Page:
U.S. Department of Justice
Roscoe C. Howard, Jr.
United States Attorney for the
District of Columbia
555 4th Street, N.W. Washington, D.C. 20530
|FOR IMMEDIATE RELEASE
September 17, 2002
|For Information Contact Public Affairs
Channing Phillips (202) 514-6933
Federal Indictment Unsealed Charging Two Persons with Stealing $163,000 from the U.S. Department of Education
Washington, D.C. - United States Attorney Roscoe C. Howard, Jr. announced the unsealing of a federal Indictment, returned on September 6, 2002, against Silvader Denise Estep, 48, of 9900 Gayle Dr., Fort Washington, Maryland, and Jean Williams Stancell, 53, of 11102 Constellation Avenue, Fort Washington, Maryland, charging them with Conspiracy to Defraud the United States and Theft of Government Property for their roles in a scheme to steal property and money from the U.S. Department of Education. In addition, Estep was charged with False Statements and Stancell was charged with Witness Tampering. The Indictment also seeks forfeiture from both defendants. Estep was arraigned on the charges today in U.S. District Court. Stancell's arraignment date has not yet been set. If convicted of these offenses, Estep could face incarceration from 30 months to 46 months; Stancell could face 30 months to 37 months in prison under the federal sentencing guidelines.
According to the nine-count Indictment, from 1996 through 1999, Department of Education employees Stancell and Estep stole property and money in the amount of $163,000 from Department of Education ("Education") by charging goods and services for themselves and others on government-issued credit cards. During the conspiracy, Stancell and Estep both worked for the Quality Workplace Group ("QWG") at Education. QWG was the facilities management component of Education. Its mission was to hire contractors to perform maintenance work at Education buildings and to purchase furniture and office supplies for Education employees. Education issued VISA credit cards to certain QWG employees in order for them to pay for goods and services. Education developed the following procedures to prevent fraudulent use of credit cards: employees were required to obtain invoices from contractors and vendors when possible, maintain logs of charges, reconcile monthly statement logs, and certify, under penalty of 18 U.S.C. § 1001, that the charges were legitimate. Estep was assigned one of these credit cards. In April 1998, she became the Acting Team II Leader of QWG. This position allowed her to supervise employees and gave her access to the numbers and expiration dates on credit cards issued to her QWG colleagues.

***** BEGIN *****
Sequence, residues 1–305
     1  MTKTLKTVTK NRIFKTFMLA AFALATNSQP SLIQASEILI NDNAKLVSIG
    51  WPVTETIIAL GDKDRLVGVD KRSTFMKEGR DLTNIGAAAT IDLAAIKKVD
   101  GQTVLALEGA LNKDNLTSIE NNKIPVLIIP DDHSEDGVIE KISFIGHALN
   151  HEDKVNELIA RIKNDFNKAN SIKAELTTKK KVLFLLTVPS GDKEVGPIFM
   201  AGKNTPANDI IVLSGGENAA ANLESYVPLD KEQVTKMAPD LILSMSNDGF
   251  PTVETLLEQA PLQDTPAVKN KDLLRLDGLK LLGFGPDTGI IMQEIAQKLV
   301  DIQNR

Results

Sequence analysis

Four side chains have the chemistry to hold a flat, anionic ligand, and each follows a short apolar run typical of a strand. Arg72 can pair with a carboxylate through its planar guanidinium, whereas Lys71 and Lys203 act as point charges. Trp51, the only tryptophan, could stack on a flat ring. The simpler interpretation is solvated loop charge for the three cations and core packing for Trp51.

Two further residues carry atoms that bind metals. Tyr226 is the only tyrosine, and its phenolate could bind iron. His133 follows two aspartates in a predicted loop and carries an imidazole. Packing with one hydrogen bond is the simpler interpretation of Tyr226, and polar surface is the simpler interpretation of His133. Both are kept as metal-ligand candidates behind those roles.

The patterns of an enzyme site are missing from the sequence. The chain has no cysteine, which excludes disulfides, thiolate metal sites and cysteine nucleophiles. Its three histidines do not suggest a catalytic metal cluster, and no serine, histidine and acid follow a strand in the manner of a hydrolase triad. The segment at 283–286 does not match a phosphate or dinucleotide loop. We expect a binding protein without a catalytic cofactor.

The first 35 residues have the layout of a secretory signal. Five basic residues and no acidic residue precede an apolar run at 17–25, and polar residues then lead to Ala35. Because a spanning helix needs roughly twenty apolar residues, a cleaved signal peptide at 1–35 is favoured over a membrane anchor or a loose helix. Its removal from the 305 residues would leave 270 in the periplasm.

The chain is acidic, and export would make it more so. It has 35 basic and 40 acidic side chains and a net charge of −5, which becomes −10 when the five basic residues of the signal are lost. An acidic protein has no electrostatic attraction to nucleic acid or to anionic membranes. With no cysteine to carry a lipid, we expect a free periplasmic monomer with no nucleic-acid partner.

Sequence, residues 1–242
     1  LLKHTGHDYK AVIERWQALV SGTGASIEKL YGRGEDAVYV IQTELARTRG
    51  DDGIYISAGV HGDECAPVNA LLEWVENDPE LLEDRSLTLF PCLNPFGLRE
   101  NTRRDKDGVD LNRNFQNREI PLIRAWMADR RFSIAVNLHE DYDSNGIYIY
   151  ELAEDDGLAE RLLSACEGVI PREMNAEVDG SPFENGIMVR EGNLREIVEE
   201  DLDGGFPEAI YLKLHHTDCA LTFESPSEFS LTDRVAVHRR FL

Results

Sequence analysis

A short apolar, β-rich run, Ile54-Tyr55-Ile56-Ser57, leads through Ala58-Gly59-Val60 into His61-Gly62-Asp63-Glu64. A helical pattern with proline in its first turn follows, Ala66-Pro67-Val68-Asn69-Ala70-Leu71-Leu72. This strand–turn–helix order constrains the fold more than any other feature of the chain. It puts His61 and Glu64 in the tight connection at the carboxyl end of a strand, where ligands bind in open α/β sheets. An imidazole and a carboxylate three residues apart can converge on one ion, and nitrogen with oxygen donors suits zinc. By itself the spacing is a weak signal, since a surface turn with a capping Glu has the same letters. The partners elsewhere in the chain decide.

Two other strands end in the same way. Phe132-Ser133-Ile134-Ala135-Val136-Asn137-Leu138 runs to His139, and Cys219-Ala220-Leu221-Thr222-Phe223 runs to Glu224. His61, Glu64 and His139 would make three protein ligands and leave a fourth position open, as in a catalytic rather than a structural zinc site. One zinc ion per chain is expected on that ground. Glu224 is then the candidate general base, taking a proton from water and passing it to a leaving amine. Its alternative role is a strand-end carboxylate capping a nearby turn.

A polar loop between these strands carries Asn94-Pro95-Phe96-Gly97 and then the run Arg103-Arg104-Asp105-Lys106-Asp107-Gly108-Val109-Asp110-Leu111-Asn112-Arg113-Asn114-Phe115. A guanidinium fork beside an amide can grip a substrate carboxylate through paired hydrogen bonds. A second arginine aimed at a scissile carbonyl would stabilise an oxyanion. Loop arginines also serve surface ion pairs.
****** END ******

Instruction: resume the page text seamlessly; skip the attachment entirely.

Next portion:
The Indictment charges that Estep and Stancell approached various vendors of Education and asked them to charge the government-issued credit cards for work performed for the benefit of themselves and their associates. At times, Estep, it is alleged, asked a vendor to charge a government-issued credit card without doing any work and to give her the majority of the cash generated by charging the government. In order to disguise the theft, Estep allegedly asked others to create false invoices. At times, Stancell asked a vendor for money in exchange for work orders from Education. Later, Stancell allegedly suggested that this vendor make false statements to the grand jury.
In announcing this Indictment, United States Attorney Howard commended the Federal Bureau of Investigation and Education's Office of Inspector General. In addition, he praised Paralegal Specialist Jeanie Latimore-Brown and Auditor Sandra Henderson. He also commended Assistant U.S. Attorneys Ann Rosenfield, Elizabeth Coombe, and Virginia Cheatham.
An Indictment is merely a formal charge that a defendant has committed a violation of criminal laws and every defendant is presumed innocent until, and unless, proven guilty.
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